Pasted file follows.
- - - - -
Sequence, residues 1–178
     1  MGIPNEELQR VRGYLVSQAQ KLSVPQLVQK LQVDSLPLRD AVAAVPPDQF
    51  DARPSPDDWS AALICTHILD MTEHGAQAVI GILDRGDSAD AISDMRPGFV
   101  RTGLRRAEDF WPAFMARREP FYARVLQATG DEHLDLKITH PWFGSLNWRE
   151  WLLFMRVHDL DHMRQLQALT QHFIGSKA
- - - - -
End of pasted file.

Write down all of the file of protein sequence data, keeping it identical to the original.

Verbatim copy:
Sequence, residues 1–178
     1  MGIPNEELQR VRGYLVSQAQ KLSVPQLVQK LQVDSLPLRD AVAAVPPDQF
    51  DARPSPDDWS AALICTHILD MTEHGAQAVI GILDRGDSAD AISDMRPGFV
   101  RTGLRRAEDF WPAFMARREP FYARVLQATG DEHLDLKITH PWFGSLNWRE
   151  WLLFMRVHDL DHMRQLQALT QHFIGSKA